LITERATURE: THE ARTIST IN THE BALM-YARD: ‘SEASON OF ADVENTURE’

Lamming’s high priest is much more fantastic:

He was a short, black man, narrow around the waist, almost fragile in the spareness of his arms. He wore a pair of snake-skin sandals. The straps parted and crawled in a bright black radiance lapping around his toes. The smell of cemeteries rotted his hands. His eyes were the colour of burnt hay. Delirious in their gaze, they sparkled and cracked into splinters of light like glass. He carried an axe in his right hand, a bracelet of black bones was swinging freely round his wrist when he waved the axe in worship above his head. The gods resided in every tooth of point and blade. (Season of Adventure, p. 31-32)

This is not a piece of lurid writing, however, because we are seeing from Fola’s point of view, her senses have almost been overwhelmed by the strange sights and sounds and the mass hysteria around her and the frightening houngan is face to face with her. The compelling presence of the houngau completes the temporary confusion of Fola’s senses, and she is led into the tent where the gods seem to possess her.

The sensational use of an African ceremony in The White Witch of Rosehall is accompanied by a revulsion against what is presented as African paganism, and the fictional character’s revulsion is shared by the author. In Season of Adventure, the dark continent view is located in a character who is to be disburdened; the sensational aspects of the ceremony arc used as a corrosive force, mesmerising Fola into participating in the rites at the tonelle. Lamming does not try to present Fola’s actions as arising from anything more than fear, shock and a confusion of the senses. Fola docs not come to share the faith of the cultists. But when the girl begins to reflect on her experience later, she recognises that her fear and ignorance in the tonelle, are closely related to her revulsion from the peasant masses. From this point, she starts to free herself from shame, seeking desperately to add to the known “Fola”, the “other than” which her education and privileged upbringing have conspired to bury.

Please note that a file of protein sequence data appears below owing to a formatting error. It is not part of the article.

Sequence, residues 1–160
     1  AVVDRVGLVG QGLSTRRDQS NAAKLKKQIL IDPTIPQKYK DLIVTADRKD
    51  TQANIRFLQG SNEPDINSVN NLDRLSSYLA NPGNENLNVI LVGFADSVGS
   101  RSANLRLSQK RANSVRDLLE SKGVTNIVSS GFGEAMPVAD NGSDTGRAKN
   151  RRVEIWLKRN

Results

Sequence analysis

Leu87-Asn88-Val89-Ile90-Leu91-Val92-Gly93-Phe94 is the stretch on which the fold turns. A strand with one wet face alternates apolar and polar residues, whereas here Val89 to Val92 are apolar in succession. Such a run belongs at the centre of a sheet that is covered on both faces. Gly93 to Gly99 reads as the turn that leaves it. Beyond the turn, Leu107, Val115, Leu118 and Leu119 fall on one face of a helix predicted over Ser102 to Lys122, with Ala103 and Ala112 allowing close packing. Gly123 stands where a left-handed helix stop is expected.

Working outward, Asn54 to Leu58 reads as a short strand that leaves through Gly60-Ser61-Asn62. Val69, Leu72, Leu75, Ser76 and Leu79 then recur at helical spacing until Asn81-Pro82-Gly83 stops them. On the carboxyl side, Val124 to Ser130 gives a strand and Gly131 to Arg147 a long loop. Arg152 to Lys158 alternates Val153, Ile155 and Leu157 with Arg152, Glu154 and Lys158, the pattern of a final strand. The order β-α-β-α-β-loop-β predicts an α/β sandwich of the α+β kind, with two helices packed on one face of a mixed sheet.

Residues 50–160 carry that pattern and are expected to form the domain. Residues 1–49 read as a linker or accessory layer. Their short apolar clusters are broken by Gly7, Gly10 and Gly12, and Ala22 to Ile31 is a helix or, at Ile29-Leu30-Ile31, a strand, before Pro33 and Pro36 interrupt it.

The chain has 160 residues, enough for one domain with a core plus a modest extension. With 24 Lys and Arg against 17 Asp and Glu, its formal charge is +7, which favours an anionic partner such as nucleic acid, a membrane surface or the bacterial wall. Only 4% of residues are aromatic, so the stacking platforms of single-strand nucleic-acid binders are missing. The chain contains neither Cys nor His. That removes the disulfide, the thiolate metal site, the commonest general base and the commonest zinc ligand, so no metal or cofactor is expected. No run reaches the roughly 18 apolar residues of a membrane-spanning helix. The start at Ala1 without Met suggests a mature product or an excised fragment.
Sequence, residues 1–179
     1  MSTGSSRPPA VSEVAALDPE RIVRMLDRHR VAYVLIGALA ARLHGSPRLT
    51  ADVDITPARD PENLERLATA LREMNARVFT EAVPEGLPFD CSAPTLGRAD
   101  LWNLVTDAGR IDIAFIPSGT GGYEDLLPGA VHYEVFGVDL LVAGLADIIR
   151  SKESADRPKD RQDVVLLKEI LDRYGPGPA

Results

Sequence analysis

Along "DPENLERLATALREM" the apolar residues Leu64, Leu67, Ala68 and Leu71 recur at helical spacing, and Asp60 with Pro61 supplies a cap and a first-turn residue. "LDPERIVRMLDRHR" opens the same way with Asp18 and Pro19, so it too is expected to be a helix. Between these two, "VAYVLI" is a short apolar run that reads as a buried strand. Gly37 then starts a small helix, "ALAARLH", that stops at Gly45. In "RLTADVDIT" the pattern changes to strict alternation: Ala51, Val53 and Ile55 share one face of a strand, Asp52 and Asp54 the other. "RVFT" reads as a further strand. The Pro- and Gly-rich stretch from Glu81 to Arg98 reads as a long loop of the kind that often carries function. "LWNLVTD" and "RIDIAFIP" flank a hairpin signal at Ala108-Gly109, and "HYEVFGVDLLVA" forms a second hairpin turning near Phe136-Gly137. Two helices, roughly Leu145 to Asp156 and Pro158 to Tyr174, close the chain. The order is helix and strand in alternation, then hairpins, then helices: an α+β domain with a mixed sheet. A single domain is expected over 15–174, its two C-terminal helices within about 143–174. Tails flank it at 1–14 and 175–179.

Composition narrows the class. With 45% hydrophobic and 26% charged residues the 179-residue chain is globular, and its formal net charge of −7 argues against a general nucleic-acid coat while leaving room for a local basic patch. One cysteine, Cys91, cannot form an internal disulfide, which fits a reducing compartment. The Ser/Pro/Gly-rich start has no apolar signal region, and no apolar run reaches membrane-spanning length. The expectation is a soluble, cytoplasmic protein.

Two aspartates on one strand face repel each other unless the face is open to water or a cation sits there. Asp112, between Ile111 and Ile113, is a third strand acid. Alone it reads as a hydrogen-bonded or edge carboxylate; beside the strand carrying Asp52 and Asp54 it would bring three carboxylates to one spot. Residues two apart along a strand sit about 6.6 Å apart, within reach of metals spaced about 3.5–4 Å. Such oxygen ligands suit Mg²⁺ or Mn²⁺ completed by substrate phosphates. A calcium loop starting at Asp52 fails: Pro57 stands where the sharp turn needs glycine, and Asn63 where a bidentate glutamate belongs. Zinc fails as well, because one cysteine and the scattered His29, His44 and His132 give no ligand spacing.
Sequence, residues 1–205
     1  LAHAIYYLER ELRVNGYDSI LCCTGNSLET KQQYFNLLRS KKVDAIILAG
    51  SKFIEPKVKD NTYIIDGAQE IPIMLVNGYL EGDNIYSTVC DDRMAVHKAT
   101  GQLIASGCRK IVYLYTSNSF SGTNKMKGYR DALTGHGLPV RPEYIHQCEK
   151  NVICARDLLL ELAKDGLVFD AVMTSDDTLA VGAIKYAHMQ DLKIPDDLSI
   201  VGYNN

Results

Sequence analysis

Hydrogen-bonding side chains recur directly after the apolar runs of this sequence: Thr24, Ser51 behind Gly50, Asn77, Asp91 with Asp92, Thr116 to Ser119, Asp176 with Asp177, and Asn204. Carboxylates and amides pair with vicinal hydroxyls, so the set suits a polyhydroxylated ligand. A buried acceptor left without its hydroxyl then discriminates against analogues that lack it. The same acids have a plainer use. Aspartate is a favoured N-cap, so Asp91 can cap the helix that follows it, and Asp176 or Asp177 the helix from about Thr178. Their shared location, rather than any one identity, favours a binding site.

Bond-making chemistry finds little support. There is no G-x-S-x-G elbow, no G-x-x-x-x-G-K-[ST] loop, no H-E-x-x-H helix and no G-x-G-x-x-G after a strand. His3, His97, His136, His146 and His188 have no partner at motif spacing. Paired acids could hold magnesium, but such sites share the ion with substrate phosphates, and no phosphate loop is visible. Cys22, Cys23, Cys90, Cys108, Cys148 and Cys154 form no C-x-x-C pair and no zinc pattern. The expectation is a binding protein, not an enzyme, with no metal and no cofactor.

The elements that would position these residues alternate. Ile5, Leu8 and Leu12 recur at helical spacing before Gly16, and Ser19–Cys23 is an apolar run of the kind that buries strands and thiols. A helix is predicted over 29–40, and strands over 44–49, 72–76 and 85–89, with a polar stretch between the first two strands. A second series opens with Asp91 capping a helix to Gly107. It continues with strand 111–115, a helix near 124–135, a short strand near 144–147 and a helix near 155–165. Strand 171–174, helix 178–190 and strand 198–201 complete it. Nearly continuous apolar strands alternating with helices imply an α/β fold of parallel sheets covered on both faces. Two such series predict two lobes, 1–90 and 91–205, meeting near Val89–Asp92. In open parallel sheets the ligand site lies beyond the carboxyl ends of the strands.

As the ceremony is one for the resurrection of the dead, it lends itself symbolically: the ‘dead’ Fola finds the opportunity to break our of her purgatory and fain a new future Expanding in her season of adventure, Fola sees the privileged families of the republic as forever locked in water. “decrepit skeletons near Federal Drive polluting the live air with their corpse breathing”. When she catches her¬self hesitating between the safety of denial and the shame of acknowledging her new friends at the Reserve, Fola guiltily accuses herself too, of being a corpse trapped in purgatory: “Like the dead soul that could not trespass beyond their recorded lives. she had cut herself off from her own future”. On the other hand, when Fola intervenes to save Chiki from arrest, she is seen as a dead coming to bear witness, as well as like a believer possessed by the gods:

The women watched Fola as though they had seen Guru’s soul recover in flesh and standin’ the tonelle, shouting what he knew about the diamonds which had disappeared again. Fola stood there, her eyes now closed, fist knotted like Aunt [arnc’s in her possession. They thought the girl was a corpse until the corporal disturbed her sleep {Season of Adventure, p. 274)